Professor Christopher Hood
On 8 November 2017, at the instigation of Erasmus School of Social and Behavioural Sciences (ESSB), Erasmus University Rotterdam is awarding Professor Christopher Hood an honorary doctorate for his contribution to the development of the field of Public Administration in general and in the Netherlands in particular.
Professor Christopher Hood (1947) is currently emeritus Fellow at All Souls College of the University of Oxford, where he was Gladstone Professor of Government between 2001 and 2014. Before that, he was Professor of Public Administration and Public Policy at the London School of Economics from 1989 onwards. In 1996, he was elected Fellow of the British Academy.
Professor Hood has published various iconic books and over 100 articles in scientific journals. With the article ‘A public management of all seasons?’ published in 1991, he provided Public Administration scholars with the concepts they needed to make sense of New Public Management practices, i.e. the worldwide rise of the use market tools within the public sector at the end of the last century. Even at that early stage, he was warning about the risks of the one-sided emphasis on the values of efficiency and effectiveness in these practices.
His earlier work on the tools of government propelled research on policy instruments, especially in the Netherlands, at University of Twente and at Erasmus University Rotterdam. His book ‘Limits of Administration’ (1976) was one of the sources of inspiration underlying the ideas on policy networks as they emerged in the research of the young Rotterdam Public Administration department. They became part of the DNA of this department’s research. Publications that testify to this work are the ‘Art of State’ (1998), ‘Tools of government in the digital age’ (2007, with Helen Margetts) and ‘The Blame Game’ (2011).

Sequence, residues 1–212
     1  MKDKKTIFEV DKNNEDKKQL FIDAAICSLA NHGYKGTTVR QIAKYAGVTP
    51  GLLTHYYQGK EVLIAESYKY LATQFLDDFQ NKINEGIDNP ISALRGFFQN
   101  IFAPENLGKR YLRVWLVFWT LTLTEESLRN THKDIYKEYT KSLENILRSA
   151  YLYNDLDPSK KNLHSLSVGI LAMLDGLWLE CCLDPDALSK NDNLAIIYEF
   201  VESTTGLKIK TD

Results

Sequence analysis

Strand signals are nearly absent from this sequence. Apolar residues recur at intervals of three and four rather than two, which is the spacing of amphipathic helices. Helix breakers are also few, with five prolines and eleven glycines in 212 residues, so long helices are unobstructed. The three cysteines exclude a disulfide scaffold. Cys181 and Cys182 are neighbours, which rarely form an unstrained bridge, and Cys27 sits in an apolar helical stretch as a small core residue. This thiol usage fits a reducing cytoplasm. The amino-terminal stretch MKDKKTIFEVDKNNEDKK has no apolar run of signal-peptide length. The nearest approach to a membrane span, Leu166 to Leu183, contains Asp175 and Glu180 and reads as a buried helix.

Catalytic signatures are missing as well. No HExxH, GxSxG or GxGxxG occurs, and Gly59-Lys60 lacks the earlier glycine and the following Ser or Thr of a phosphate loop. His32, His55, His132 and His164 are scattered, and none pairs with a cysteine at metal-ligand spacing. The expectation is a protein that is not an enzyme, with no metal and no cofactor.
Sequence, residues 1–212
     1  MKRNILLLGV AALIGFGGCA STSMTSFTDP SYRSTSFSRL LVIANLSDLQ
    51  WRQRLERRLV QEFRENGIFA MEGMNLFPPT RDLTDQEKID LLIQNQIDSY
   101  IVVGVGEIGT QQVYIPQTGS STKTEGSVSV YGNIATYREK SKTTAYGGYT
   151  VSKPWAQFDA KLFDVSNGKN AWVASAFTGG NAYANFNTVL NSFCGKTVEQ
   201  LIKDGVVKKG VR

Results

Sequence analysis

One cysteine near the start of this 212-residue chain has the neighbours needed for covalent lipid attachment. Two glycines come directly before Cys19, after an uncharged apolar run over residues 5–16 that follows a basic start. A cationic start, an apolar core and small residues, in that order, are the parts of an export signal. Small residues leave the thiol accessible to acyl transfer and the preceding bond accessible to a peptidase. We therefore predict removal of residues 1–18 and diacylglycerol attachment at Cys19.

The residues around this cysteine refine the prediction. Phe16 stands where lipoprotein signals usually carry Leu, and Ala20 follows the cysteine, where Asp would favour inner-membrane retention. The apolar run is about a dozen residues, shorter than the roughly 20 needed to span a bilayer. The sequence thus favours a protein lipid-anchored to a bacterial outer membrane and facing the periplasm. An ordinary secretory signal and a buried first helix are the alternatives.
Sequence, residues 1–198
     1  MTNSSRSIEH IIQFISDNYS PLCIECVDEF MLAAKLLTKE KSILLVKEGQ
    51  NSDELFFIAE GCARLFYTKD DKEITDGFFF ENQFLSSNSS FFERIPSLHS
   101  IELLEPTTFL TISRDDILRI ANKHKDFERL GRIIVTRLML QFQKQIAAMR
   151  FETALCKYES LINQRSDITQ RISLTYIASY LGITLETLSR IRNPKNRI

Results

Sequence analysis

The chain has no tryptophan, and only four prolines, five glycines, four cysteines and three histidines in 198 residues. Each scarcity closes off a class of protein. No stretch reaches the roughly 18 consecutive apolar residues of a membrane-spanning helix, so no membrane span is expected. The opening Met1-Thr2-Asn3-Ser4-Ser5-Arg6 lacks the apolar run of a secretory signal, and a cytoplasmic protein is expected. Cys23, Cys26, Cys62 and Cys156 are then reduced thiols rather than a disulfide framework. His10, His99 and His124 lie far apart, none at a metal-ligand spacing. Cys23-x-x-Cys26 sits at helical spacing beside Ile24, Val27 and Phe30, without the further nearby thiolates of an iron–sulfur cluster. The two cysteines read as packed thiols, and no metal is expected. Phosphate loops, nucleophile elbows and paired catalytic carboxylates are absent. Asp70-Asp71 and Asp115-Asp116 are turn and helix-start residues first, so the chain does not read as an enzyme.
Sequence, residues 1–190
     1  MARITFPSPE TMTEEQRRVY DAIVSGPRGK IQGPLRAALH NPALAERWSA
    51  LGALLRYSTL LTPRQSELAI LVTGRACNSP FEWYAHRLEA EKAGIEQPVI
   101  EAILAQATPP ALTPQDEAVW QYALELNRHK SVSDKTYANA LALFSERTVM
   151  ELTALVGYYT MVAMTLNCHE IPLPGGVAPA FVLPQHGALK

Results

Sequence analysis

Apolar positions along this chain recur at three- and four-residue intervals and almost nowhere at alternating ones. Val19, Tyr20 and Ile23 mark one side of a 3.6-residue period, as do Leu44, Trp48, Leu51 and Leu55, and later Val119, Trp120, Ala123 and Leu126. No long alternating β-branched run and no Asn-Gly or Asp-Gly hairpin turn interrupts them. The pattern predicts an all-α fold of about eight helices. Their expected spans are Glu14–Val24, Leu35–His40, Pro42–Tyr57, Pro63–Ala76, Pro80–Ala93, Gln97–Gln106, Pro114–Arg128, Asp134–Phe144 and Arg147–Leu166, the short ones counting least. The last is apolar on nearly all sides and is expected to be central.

His critical attitude towards rhetoric inspired him and his co-author Ruth Dixon to analyse the results of three decades of New Public Management reforms in the UK, as presented in his most recent book ‘A government that worked better and cost less?’ (winner of the 2015 Louis Brownlow Book Award of the National Academy of Public Administration and the 2016 W.J.M. Hackenzie Award).
The academic work he has undertaken during his career has had a constituent and enduring influence on the development of the discipline of Public Administration in the Netherlands.